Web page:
Dr. Francesca Dominici receives Janet L. Norwood Award for Outstanding Achievement in Statistical Sciences

 

Francesca Dominici, PhD, Professor of Biostatistics, Senior Associate Dean for Research, and Associate Dean of Information Technology at the Harvard T. H. Chan School of Public Health, has been honored with the Janet L. Norwood Award, presented by the School of Public Health at the University of Alabama at Birmingham. Named for the first female commissioner of the US Bureau of Labor Statistics and past-president of the American Statistical Association, this annual award internationally recognizes a woman statistician for outstanding achievement in the statistical sciences. Dr. Dominici will accept the award and deliver a special lecture on Wednesday, September 14, at UAB’s Edge of Chaos.

In her role as Senior Associate Dean for Research, Dr. Dominici leads the Office of Research Strategy and Development (ORSD) at the Harvard T.H. Chan School of Public Health. ORSD provides catalytic and strategic support for the school’s research. She also leads the faculty short course on grant writing. In her role of Associate Dean of Information Technology, Dr. Dominici has also headed new initiatives to improve the university’s research computing infrastructure, namely working closely with the Faculty of Arts and Sciences (FAS) to afford faculty, researchers, staff, and students from the Chan School access to Odyssey, Harvard’s largest supercomputer, which spans a total of 9,641 square feet. The research computing landscape at the Chan School has since been transformed, allowing faculty to conduct Big Data–driven research that pushes the frontiers of science. 

Dr. Dominici’s research focuses on the development of statistical methods for the analysis of large and complex data. Dr. Dominici is interested in developing new methods in Bayesian causal inference to overcome the challenges inherent in the analysis of large and complex observational studies, such as claims data, electronic medical records, and cancer registry.   She is a passionate data scientist. She leads several interdisciplinary groups of scientists with the ultimate goal of addressing important questions in environmental health science, climate change, comparative effectiveness research in cancer, and health policy. Dr. Dominici also develops Bayesian methods in causal inference for Comparative Effectiveness Research (CER.) She applies these methods to administrative data to address key CER questions in the treatment of Glioblastoma and other cancers.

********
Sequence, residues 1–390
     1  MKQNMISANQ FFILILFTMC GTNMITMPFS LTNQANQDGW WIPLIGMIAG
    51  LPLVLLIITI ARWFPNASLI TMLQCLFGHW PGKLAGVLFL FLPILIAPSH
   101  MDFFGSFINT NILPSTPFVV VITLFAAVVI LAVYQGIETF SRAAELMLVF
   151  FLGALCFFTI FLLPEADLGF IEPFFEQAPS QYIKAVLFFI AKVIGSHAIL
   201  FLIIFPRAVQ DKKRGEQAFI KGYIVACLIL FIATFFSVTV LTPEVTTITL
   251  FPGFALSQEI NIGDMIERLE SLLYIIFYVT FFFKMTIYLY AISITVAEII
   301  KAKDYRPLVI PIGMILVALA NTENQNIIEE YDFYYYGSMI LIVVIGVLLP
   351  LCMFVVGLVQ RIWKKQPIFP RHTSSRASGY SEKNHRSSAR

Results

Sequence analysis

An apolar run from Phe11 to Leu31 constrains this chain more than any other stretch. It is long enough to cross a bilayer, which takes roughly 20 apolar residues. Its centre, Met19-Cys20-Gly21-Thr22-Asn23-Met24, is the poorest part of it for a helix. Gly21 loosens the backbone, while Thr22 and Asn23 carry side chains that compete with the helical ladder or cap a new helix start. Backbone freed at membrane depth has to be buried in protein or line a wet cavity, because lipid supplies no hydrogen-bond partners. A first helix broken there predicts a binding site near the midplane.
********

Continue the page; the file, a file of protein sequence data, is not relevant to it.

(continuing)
In recent years, Dr. Dominici and her team have been acquiring and analyzing billions of claims data from the Center for Medicare Services. These claims data provide information on cause-specific hospitalization for nearly the entire population of 65-year-olds enrolled in the Medicare system over the last 20 years. She links daily claims data to daily air pollution levels from thousands of monitoring stations by geographical location. Rigorous statistical analyses of terabytes of data have provided robust evidence on the adverse health effects of air pollution and climate change. Her studies have directly and routinely impacted air quality policy and led to more stringent ambient air quality standards in the United States.

Prior to joining Harvard, Dr. Dominici was a professor in the Department of Biostatistics at Johns Hopkins Bloomberg School of Public Health. 

As part of her career-long commitment to promoting diversity in academia, Dr. Dominici currently chairs the Harvard T.H. Chan School of Public Health Committee on the Advancement of Women Faculty (CAWF) and previously co-chaired the University Committee on the Status of Women at Johns Hopkins University (where she was honored with the Johns Hopkins Diversity Recognition Award). She was recognized by the multinational mass media and information firm Thomson Reuters in their 2015 list of the most highly cited researchers, which ranked her in the top one percent of scientists in her field; additionally, Dr. Dominici has been named one of the top 10 Italian women scientists who have had the largest impact in biomedical sciences across the world. She is a fellow of the American Statistical Association. She has participated as a member of several committees of the National Academy of Sciences, Institute of Medicine Committee, and she is a member of the NIH Biostatistical Methods and Research Design Study Section. In addition, Dr. Dominici has served as associate editor of the Journal of the Royal Statistical Society and as editor of the American Journal of Epidemiology.

In bestowing the Janet L. Norwood Award to Dr. Dominici, UAB’s School of Public Health wishes to recognize not only her achievements but also to acknowledge the accomplishments of all women to the statistical sciences.